To survive, McLean started accepting long-haul contracts, requiring him to be away from home days at a time. In November of 1937, just before Thanksgiving, he got a job hauling cotton bales from Fayetteville, in southeastern North Carolina, to Hoboken, in northern New Jersey, then a major trans-Atlantic port. After a long drive, he arrived in Hoboken, joining a long line of trucks waiting to be unloaded at the pier at the foot of Third Street. The mixed cargo was being placed, piece by piece, aboard the Examelia, an America Export Lines ship that would take everything to Istanbul. The line moved slowly and there was not much to do. He had to wait hours to unload this truck trailer. Years later, he recalled, “I had to wait most of the day to deliver the bales, sitting there in my truck, watching stevedores load other cargo. It struck me that I was looking at a lot of wasted time and money. I watched them take each crate off the truck and slip it into a sling, which would then lift the crate into the hold of the ship.”
This oft-quoted sudden realization was the birth of an idea that would take a full 19 years to blossom into fulfillment. During that time, McLean focused on his trucking business. However, his perceptive intuitive thinking separated him from others in that business. He had plenty of time to think and plan. By the early 1950s, McLean had built his company into the largest trucking fleet in the South, with 1,776 trucks and 37 transport terminals up and down the East Coast.
Malcom McLean was known for his meticulous attention to cost information. He tracked his costs very carefully, so he always knew how his trucking business was doing. This habit enabled him to make well-informed business decisions about the future. Looking back at those early days, his protégé, Paul F. Richardson, said, “I don’t think anyone in this period had a better sense of north-south costs than Malcom. For 10 years and more, he personally watched his trucks like a hawk. He knew every angle of costing. It is a fair question of whether he was thinking at that time about ships-versus-trucks: how much cheaper it might be to put trucks on ships. Certainly, he had the figures in front of him all of the time. Every truck that went out was an object lesson for him. He could do the figures for a run standing by the truck cab.”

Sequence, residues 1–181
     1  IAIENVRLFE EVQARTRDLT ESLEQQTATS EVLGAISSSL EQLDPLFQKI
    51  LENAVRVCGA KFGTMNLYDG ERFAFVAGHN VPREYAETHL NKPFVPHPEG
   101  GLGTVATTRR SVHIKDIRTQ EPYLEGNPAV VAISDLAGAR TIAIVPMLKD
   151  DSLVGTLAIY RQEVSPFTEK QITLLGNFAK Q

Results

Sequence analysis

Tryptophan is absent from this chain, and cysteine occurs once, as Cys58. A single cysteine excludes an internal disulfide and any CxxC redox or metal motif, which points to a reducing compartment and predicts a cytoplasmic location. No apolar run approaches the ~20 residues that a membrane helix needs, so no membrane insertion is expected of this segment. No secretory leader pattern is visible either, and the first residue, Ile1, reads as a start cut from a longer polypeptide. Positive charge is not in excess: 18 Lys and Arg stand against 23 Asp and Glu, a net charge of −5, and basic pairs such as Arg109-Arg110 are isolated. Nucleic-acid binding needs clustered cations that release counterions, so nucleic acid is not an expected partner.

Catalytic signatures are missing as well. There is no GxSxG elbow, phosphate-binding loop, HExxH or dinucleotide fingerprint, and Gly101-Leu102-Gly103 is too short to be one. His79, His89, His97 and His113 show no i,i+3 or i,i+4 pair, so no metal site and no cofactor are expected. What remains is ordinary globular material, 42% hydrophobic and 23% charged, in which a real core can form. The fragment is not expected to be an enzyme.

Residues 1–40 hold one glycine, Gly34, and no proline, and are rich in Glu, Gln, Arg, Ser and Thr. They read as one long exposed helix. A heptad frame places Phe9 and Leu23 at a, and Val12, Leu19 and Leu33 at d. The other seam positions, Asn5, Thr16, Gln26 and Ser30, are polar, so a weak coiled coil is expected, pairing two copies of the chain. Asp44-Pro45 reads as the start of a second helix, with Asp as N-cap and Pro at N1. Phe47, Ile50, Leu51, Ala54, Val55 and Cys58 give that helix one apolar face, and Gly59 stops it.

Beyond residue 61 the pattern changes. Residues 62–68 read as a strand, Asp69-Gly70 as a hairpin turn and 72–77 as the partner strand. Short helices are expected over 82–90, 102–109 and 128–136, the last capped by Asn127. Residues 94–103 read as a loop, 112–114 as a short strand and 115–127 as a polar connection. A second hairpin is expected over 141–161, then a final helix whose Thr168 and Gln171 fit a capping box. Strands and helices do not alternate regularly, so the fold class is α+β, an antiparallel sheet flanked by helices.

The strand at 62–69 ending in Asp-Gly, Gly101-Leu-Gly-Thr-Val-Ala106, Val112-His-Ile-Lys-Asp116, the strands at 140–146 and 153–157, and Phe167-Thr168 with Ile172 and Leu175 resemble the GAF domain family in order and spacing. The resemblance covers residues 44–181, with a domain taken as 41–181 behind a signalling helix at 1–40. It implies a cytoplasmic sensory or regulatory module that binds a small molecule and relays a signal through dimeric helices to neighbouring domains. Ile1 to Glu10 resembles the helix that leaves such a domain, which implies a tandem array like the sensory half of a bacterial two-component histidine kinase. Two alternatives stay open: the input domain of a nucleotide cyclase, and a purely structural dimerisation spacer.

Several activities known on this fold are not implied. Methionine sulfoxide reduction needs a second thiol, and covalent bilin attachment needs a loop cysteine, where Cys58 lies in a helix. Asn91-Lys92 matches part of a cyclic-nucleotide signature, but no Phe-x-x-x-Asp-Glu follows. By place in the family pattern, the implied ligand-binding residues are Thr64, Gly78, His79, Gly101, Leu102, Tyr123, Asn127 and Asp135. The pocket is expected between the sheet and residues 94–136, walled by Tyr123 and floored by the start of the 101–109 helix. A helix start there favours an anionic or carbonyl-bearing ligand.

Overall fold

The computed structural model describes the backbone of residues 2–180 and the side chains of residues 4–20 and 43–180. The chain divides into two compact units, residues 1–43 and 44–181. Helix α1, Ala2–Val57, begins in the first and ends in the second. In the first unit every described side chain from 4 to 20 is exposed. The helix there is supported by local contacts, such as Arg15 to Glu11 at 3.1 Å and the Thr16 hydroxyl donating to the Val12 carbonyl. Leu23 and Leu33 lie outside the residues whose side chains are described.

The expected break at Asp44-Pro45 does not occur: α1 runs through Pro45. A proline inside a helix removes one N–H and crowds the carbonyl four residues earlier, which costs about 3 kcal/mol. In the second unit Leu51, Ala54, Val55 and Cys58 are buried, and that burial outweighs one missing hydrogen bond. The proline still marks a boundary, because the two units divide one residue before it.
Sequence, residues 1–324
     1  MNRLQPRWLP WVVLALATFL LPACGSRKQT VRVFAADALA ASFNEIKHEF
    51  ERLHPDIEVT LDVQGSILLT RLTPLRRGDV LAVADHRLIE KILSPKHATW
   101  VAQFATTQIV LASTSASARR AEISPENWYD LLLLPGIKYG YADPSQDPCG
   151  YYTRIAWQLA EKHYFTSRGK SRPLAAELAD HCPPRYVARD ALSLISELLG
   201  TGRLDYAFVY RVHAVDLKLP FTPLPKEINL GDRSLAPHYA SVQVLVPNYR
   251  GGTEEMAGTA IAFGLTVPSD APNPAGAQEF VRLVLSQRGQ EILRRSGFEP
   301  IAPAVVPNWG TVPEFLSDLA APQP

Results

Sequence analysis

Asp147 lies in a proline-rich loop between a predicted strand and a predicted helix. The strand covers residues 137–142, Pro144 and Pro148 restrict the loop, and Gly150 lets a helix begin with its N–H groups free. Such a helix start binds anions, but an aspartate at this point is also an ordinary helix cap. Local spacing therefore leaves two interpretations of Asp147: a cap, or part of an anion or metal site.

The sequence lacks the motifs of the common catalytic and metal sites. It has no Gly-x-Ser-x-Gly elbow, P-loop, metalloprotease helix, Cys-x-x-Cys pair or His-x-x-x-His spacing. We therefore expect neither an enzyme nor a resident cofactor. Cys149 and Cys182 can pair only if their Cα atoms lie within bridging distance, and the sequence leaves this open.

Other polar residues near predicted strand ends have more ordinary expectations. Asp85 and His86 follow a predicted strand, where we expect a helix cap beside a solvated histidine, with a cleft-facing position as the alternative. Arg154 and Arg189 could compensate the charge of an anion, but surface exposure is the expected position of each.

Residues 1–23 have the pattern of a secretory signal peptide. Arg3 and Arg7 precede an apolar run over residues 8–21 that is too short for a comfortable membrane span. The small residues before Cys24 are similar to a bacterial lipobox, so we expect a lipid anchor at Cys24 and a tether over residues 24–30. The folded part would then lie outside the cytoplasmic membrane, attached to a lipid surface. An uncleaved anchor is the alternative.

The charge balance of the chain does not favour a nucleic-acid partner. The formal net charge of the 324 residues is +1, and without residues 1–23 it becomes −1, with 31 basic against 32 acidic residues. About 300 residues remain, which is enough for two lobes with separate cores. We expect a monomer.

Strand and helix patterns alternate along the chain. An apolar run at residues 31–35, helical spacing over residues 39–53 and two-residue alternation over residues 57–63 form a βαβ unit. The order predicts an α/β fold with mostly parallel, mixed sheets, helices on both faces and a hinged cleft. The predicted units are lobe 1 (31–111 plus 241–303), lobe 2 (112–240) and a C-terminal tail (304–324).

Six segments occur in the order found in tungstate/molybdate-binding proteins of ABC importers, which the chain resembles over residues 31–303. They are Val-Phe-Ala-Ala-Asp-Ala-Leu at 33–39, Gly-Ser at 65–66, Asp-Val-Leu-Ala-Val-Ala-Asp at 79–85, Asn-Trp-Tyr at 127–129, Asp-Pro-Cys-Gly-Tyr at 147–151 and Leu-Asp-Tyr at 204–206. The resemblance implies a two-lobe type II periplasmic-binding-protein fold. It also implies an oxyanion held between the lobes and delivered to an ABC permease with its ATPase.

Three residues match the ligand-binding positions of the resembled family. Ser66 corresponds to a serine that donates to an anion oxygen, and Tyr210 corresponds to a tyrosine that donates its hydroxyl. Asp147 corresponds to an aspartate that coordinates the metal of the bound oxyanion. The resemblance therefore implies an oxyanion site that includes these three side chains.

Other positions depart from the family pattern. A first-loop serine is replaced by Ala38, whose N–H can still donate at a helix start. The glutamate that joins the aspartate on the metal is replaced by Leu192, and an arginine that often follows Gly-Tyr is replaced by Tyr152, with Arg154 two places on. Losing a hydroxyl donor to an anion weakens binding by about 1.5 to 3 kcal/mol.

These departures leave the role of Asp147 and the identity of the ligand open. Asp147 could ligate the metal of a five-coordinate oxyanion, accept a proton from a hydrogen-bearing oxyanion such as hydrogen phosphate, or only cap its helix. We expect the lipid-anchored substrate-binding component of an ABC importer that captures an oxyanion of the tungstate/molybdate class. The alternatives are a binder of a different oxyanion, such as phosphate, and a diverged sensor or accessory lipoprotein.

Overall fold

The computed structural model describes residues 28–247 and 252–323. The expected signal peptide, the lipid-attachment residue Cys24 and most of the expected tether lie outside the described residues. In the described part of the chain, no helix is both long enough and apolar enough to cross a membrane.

McLean’s first idea was simply to drive the trailers on board a ship. You could roll the trailers on at the point of origin and then roll them off at the destination, a process known as “ro-ro.” As he was mulling this concept over, he placed a telephone call to Brown Industries, a manufacturer of truck trailers in Spokane, Wash. He spoke with Keith Tantlinger, the vice president of engineering at the firm. It was a significant conversation. Tantlinger held a bachelor’s degree in mechanical engineering from the University of California at Berkeley. During World War II, he had worked for the Douglas Aircraft, designing warplanes.
Malcom explained his idea about driving tractor trailers onboard a ship.
Tantlinger said, “Why not just lift them on board and leave the wheels behind?”
McLean said, “Can you do that?”
Tantlinger said, “Sure, I can. I can even stack them, one on top of another.” •
Angus K. Gillespie is a professor of American studies at Rutgers University in New Jersey. Port Newark and the Origins of Container Shipping was published by Rutgers University Press. It is available through Amazon and other booksellers.